Nevertheless, She Persisted: The Jedi Trials

I was recently reading Destiny Froste’s series of articles on the Jedi Trials, and how they can be useful in our real world community, and it got me thinking: what is the purpose of these trials? Why these trials, why skill, courage, flesh, spirit, and insight? There are a plethora of virtues and obstacles to overcome on the Jedi path. What do these trials say about what a Jedi Knight should be?

And then it came to me: persistence. This is the first and most vital obstacle a Jedi must overcome to be a Knight. The work, the time, the bad times, the difficulty of this path, even the good times in your life: all can distract you from continuing forward towards true growth and improvement. Often people give up. Sometimes people get stuck. Even worse, sometimes people settle, thinking they’ve acheived something stable and permanent, or achieved mastery in some way, all while forgetting that this path is one of constant pressure, evolution, and reevaluation.

A knight is someone who has persisted in their path long enough to become a beacon for others. Even the California Jedi Knighthood standards say as much: “Firstly, a Jedi Knight is someone who has walked the path despite obstacles and trials for a long time: long enough to deeply explore their path and internalize it so they are a Jedi every day, not just when it is helpful or convenient.” A Jedi Knight Persists.

Of course there are many other qualities to being a Knight: leadership, communication, mentorship, responsibility… the list goes on. But the first item on that list is persistence, and the trials reflect that goal.

The Trial of Skill is persistence in the face of distraction and exhaustion. Control and self-discipline require long hard work to build, and consistent prolonged effort to maintain.

The Trial of Courage is persistence in the face of external fears. A Knight cannot let the fears that besiege them halt them on their path or interfere with their goals.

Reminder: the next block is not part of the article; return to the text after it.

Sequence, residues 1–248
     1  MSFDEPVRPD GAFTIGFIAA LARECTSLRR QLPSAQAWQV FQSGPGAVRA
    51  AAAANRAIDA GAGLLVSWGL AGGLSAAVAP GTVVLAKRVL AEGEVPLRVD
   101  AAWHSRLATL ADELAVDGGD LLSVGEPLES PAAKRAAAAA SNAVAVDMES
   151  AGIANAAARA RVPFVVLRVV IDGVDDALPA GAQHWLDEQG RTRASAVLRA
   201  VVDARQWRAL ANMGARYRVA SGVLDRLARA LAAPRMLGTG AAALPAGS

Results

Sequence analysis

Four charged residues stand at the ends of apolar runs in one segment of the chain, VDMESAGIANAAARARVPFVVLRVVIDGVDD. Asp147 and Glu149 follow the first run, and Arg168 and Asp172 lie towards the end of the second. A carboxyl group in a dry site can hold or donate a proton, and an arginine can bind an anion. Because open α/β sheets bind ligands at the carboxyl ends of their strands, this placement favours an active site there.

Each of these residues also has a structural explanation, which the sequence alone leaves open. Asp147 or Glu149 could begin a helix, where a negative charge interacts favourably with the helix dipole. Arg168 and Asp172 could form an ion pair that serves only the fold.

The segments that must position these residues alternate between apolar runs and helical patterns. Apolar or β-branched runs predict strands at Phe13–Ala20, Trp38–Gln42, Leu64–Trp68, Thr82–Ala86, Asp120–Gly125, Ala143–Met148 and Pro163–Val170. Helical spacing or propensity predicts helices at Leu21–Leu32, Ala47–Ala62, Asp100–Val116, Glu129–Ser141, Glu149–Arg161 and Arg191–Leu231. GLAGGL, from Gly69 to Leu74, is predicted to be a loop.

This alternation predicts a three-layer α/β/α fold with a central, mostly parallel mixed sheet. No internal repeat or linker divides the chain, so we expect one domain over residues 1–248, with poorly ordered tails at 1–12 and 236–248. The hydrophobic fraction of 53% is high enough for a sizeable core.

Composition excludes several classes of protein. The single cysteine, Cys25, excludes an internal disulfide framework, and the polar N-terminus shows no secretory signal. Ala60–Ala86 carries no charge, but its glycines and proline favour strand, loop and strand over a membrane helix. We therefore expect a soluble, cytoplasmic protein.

The Trial of Flesh is persistence in the face of pain. Pain and death are natural parts of life that humans avoid, but we cannot let our limitations limit the scope of our path, or let our wounds scar so badly that we lose flexibility and trust.

The Trial of Spirit is persistence in the face of internal fears, or insecurities. Just as Luke in the Cave, or Yoda on the planet of the Whills, we must look deep within ourselves to face whatever darkness lies there, so it cannot undermine us or thwart our path.

And the Trial of Insight is persistence in the face of illusion and ignorance. A Jedi must not be led astray by bias, false assumptions, lies, or illusory things; a Knight has to see clearly to forge the path ahead.

For the next five weeks, starting Monday, I will be reposting (with the generous permission of the author) Destiny’s series on the Trials as they apply to real Jedi. Think carefully about your path: what trials have you passed in your life, or on your path? What trials have you yet to face? What must you do to pass them successfully?

Happy reading, and may the Force be with you.

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